Silence overwhelmed the room. The poison words of the diagnosis tickling her spine with icy fingers. Nothingness overwhelmed her as she sat there in the cold sterile room trying desperately to absorb what she was told. She had been given an expiration date, actually technically according to what her doctor had just said she was already passed her “sell-by” date. Suddenly warmth crept into her frozen figure as she asked herself; if I am already defying the odds whose to say I cannot continue to do so. These thoughts bringing a glimmer of hope to her she looked up at her doctor with a strange glint of determination lightly twinkling from behind her chestnut brown eyes. “Never say never.” Besides he said the survival rate was 4-5% that means there have been survivors. 

While Kimberley was driving home her fiery determination began to ebb away as the nothingness slowly crept back into her soul. She contemplated the metaphor of the stoplight her car was cruising up to as it flickered from green to yellow, then lingering on yellow, and suddenly resting on red. Her car came to a sudden halt and so did her resilience. She let out an ear splintering wail fueled by the crack in her soul. She bent limply over the cold leather steering wheel; tears rushing down her cheeks, her eyes becoming blood red, as despair overwhelmed her. A car’s horn startled her into forcing her right foot down on the gas, causing the car to lurch forward as its driver forcibly attempted to finish her journey.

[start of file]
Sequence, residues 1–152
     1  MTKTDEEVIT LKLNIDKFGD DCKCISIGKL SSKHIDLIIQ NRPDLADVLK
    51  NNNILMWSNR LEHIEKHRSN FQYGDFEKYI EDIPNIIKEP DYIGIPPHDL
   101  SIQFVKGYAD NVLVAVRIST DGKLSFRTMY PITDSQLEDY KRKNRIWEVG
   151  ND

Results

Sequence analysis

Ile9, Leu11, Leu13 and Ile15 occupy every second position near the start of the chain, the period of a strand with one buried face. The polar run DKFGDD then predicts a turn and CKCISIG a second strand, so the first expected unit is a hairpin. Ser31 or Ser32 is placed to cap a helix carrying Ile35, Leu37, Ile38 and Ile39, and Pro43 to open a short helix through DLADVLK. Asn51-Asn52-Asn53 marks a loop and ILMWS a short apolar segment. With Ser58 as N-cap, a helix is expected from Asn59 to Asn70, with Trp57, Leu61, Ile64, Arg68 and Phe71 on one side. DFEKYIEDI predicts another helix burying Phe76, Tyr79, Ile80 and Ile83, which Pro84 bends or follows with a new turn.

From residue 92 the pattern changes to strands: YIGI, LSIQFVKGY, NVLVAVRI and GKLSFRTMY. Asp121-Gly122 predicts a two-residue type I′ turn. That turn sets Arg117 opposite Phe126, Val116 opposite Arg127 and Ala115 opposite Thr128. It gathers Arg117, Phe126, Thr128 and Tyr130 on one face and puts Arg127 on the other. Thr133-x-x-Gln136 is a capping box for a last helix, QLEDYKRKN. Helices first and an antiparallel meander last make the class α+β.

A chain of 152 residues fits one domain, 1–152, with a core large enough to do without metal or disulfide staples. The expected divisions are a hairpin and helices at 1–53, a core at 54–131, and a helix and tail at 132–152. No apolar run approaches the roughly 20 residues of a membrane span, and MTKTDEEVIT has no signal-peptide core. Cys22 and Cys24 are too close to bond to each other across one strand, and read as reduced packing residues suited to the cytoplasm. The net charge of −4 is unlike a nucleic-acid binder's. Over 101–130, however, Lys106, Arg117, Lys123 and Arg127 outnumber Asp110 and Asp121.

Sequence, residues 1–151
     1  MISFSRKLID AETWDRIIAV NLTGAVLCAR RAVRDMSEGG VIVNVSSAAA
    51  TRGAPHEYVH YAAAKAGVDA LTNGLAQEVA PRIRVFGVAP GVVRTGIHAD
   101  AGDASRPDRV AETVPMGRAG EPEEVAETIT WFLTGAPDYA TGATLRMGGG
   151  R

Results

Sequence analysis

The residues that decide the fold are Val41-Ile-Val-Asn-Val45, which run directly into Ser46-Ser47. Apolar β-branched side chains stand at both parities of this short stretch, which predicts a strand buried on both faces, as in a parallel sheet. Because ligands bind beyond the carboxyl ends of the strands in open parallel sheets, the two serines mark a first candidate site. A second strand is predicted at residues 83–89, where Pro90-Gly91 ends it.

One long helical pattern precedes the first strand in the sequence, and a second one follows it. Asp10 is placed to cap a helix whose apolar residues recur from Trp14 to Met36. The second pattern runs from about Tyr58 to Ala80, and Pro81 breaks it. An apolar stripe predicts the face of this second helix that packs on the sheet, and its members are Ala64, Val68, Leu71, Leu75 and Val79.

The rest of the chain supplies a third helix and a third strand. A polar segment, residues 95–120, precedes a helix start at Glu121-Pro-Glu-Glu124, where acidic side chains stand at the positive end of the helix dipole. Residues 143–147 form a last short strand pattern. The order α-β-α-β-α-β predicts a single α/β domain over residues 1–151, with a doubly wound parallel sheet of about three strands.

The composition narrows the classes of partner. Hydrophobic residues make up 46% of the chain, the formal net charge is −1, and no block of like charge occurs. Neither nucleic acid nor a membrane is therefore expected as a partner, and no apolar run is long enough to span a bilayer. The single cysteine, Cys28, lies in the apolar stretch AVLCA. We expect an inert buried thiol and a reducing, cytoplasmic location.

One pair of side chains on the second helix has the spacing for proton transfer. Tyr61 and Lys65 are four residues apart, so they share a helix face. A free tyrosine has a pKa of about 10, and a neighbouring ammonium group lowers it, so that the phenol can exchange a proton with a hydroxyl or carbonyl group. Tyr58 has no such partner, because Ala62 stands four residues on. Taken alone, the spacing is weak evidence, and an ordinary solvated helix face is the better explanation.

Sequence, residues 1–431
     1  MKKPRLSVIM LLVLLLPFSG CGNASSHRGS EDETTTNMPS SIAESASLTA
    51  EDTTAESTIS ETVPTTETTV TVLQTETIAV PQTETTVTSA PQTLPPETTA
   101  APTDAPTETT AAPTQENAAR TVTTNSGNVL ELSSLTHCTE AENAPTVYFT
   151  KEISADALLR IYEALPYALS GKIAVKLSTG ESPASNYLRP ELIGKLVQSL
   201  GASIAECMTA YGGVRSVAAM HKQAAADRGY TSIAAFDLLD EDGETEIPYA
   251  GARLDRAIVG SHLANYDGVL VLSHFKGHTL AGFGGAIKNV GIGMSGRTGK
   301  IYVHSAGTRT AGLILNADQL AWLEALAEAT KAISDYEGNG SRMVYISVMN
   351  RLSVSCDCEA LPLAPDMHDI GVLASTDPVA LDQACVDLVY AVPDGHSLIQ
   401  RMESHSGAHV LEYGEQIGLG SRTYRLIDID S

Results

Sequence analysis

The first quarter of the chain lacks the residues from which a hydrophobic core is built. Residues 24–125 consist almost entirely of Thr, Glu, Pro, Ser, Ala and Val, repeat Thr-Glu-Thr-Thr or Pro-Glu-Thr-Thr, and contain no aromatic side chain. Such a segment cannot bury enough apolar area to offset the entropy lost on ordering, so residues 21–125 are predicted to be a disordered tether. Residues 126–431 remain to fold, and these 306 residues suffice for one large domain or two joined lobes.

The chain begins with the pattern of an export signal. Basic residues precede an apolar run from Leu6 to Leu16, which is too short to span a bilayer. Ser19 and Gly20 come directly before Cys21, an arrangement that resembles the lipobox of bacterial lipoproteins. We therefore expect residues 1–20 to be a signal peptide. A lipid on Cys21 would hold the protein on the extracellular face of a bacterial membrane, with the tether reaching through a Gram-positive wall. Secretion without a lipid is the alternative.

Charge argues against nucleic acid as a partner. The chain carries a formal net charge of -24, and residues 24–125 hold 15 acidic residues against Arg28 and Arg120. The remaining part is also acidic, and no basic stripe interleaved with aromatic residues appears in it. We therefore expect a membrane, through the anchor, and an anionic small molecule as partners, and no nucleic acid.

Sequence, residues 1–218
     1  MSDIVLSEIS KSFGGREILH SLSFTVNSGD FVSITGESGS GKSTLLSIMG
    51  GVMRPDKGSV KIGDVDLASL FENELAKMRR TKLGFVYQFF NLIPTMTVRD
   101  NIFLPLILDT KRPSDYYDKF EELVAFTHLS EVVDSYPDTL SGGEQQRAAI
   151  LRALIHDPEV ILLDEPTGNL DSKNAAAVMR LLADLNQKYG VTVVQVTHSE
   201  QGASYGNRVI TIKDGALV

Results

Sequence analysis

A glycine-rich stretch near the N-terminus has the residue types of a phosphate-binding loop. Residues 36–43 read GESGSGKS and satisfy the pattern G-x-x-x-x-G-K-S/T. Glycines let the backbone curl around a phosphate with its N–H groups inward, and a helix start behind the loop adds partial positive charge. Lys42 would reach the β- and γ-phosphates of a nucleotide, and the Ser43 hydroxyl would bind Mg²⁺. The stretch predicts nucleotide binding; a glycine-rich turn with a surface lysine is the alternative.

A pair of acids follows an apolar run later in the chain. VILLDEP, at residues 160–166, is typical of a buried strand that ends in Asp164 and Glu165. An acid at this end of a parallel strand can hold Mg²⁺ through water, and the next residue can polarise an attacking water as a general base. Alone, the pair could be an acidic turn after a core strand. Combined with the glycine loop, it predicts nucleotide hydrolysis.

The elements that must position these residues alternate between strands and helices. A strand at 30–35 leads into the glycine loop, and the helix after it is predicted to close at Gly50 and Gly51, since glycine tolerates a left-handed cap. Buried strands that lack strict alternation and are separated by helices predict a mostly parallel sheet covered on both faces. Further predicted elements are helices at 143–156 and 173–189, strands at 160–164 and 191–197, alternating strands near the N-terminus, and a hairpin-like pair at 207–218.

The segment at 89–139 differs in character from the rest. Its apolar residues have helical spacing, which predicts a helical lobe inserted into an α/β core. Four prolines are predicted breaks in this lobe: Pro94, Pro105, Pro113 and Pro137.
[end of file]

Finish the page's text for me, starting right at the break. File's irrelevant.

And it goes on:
Upon reaching home she numbly worked through her routine, her kids were away at school and her husband would be home soon. She made dinner, something simple as her mind was lost in woe and misery. Her quiet sobbing blinding her as she tried to continue her chores. What was the point of it all? She asked herself. I am only fifty, she hated growing old as much as the next person but she also loved it secretly. She loved the concept of future, so open and unpredictable. Now she had none. Was she ever going to see her daughter graduate, or her son get married? Would she ever see her children get their first full time job, and then promotion? Everything she had based her past twenty something years on seeing and experiencing was ripped away from her. Her knees buckled beneath her no longer able to stand on their own.